Selenium and osteoporosis

Selenium intake in a dose-response manner is negatively correlated with osteoporosis. Compared with the lowest quartile tho odds ratios of osteoporosis were 0.72, 0.72 and 0.47 for the second, third and fourth quartiles of dietary Se intake, respectively. See also this paper.

In my paper on osteoporosis on the Osteoporsis page I argue that the transsulfuration pathway is dysregulated in osteoporosis. Dysregulation of the transsulfuration pathway would dysregulate selenium metabolsim as the food form of selenium, selenomethionine is metabolized via the transsulfuration pathway. Se-methylselenocysteine can be metabolized by kynurenine aminotransferase whereby Se-Methyl-L-selenocysteine + H2O <=> Pyruvate + Ammonia + Methaneselenol. Kynurenine aminotransferase is an enzyme that is not in the transsuluration pathway whereby Se-methylselenocysteine is the prefecred form of supplemental selenium as selenium from Se-methylselenocysteine is biovailable. Dosages of Se-methylselenocysteine should not exceed 200 micrograms a day. More is not better.

Taking supplemental taurine lowers blood pressure in humans

Taurine lowers blood pressure in humans by increasing synthesis of hydrogen sulfide, which is a vasodilator, through increasing activities of cystathionine beta-synthase and cystathionine gamma-lyase, the two enzymes in the transsulfuration pathway. Cystathionine beta-synthase and cystathionine gamma-lyase synthesize hydrogen sulfide. A meta-analysis indicates that taurine lowers blood pressure in clinically relevant amounts. Taurine also decreases homocysteine levels in humans. There is also lots of evidence from animals than taurine lowers total cholesterol. Research points to taurine as being the factor for Japanese longevity which could be due to taurine lowering various cardiovascular risk factors. The actions of taurine are more pronounced when taurine is taken on an empty stomach.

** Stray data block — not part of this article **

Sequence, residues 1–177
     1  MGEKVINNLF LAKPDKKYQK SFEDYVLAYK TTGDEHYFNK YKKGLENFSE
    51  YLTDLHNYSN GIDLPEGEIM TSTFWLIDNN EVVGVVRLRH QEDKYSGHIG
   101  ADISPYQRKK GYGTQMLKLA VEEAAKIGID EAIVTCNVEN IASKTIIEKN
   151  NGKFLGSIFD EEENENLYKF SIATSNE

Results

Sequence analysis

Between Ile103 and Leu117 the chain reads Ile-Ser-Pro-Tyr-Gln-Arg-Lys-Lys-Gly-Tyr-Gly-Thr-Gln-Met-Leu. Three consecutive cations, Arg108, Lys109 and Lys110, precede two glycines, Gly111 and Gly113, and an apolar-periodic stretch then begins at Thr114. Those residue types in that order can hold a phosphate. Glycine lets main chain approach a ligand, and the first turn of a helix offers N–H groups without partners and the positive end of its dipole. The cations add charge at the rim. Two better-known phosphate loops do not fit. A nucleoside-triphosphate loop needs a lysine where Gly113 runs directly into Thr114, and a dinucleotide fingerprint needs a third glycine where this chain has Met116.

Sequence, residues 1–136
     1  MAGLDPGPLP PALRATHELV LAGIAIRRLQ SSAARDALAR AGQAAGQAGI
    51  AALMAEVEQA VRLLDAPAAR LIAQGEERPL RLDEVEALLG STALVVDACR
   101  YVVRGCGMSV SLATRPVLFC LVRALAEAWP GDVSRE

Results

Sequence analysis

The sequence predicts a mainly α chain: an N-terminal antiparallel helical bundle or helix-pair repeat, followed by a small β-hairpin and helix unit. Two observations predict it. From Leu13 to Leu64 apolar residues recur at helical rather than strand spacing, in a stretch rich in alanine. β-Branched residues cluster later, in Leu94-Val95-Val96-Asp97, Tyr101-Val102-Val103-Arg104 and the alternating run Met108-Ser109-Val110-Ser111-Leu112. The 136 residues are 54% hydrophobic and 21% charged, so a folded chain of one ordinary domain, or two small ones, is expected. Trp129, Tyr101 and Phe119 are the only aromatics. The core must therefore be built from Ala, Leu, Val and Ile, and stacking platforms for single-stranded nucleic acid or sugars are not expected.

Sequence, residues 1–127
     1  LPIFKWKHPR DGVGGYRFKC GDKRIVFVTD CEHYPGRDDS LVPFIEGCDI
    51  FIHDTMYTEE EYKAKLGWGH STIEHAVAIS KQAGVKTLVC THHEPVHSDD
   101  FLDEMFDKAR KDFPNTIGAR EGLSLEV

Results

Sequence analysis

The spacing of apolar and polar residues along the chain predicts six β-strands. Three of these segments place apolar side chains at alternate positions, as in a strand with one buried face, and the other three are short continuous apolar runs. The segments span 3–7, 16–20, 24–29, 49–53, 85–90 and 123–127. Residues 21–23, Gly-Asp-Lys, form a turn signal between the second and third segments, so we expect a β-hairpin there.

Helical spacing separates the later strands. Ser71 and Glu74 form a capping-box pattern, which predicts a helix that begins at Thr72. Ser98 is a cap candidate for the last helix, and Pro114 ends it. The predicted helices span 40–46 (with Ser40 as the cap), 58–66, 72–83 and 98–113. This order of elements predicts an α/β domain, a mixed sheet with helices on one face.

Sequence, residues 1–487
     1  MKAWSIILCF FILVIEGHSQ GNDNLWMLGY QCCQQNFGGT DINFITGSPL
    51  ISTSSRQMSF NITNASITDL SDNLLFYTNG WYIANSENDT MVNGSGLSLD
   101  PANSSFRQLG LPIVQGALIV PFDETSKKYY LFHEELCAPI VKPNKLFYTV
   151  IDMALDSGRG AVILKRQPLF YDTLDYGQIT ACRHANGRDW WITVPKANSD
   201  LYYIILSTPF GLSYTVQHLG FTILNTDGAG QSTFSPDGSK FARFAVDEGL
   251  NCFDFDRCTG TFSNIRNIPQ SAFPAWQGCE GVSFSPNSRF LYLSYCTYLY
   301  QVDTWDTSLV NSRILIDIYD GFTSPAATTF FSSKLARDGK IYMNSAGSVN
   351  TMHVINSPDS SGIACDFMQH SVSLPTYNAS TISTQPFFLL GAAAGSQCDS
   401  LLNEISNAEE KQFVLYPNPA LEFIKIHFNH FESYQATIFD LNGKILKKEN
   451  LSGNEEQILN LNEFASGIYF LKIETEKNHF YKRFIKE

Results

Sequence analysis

Cholesterol, taurine and Alzheimer’s disease

In Alzheimer’s disease there are high levels of homocysteine which points to the transsulfuration pathway (homocysteine to L-cysteine) being dysregulated in Alzheimer’s disease. Taurine is synthesized from L-cysteine. Taurine lowers LDL cholesterol levels. High LDL cholesterol levels, which increase the risk of Alzheimer’s disease, could be connected to the dysregulation of transsulfuration pathway as with dysregulation of the transsulfuration pathway there will be low levels of taurine which will increase cholesterol levels.

Polyphenols, homocysteine, Parkinson’s disease and Alzheimer’s disease

High homocysteine levels indicate the transsulfuration pathway (homocysteine to L-cysteine) is dysregulated. Taurine is synthesized from L-cysteine. Taurine is needed to form various bile acids. Bile acids are needed for fat absorption.

Polyphenols can increase beta-oxidation which can lead to serious difficulties if there are difficulties in fat absorption which are likely if there are high homocysteine levels.

Many illnesses for which polyphenols have been postulated to be treatments are associated with high levels of homocysteine, however, where there are high homocysteine levels there could be difficulties in fatty acid absorption. Increasing levels of polyphenols, which increase beta-oxidation, would be contradicted where there are difficulties in fatty acid absorption and metabolism.

Polyphenol supplements are frequently suggested as treatments for Alzheimer’s disease and Parkinson’s disease, however, both Alzheimer’s disease and Parkinson’s disease are associated with high homocyteine levels whereby there could be difficulties in fatty acid absoption. Polyphenol supplements could worsen Alzheimer’s disease and Parkinson’s disease. In the treatment of Alzheimer’s disease polyphenols have been full of promise but have failed to deliver effective treatments.